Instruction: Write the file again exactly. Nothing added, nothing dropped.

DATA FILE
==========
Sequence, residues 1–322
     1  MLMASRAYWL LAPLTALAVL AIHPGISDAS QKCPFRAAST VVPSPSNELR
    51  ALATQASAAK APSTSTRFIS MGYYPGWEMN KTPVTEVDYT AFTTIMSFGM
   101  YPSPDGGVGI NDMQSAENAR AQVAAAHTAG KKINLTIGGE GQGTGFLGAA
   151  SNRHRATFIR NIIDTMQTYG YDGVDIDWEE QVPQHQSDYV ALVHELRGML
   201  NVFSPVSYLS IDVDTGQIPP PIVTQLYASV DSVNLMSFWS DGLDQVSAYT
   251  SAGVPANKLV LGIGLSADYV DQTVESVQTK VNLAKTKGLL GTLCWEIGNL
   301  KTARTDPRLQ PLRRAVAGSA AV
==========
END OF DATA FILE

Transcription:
Sequence, residues 1–322
     1  MLMASRAYWL LAPLTALAVL AIHPGISDAS QKCPFRAAST VVPSPSNELR
    51  ALATQASAAK APSTSTRFIS MGYYPGWEMN KTPVTEVDYT AFTTIMSFGM
   101  YPSPDGGVGI NDMQSAENAR AQVAAAHTAG KKINLTIGGE GQGTGFLGAA
   151  SNRHRATFIR NIIDTMQTYG YDGVDIDWEE QVPQHQSDYV ALVHELRGML
   201  NVFSPVSYLS IDVDTGQIPP PIVTQLYASV DSVNLMSFWS DGLDQVSAYT
   251  SAGVPANKLV LGIGLSADYV DQTVESVQTK VNLAKTKGLL GTLCWEIGNL
   301  KTARTDPRLQ PLRRAVAGSA AV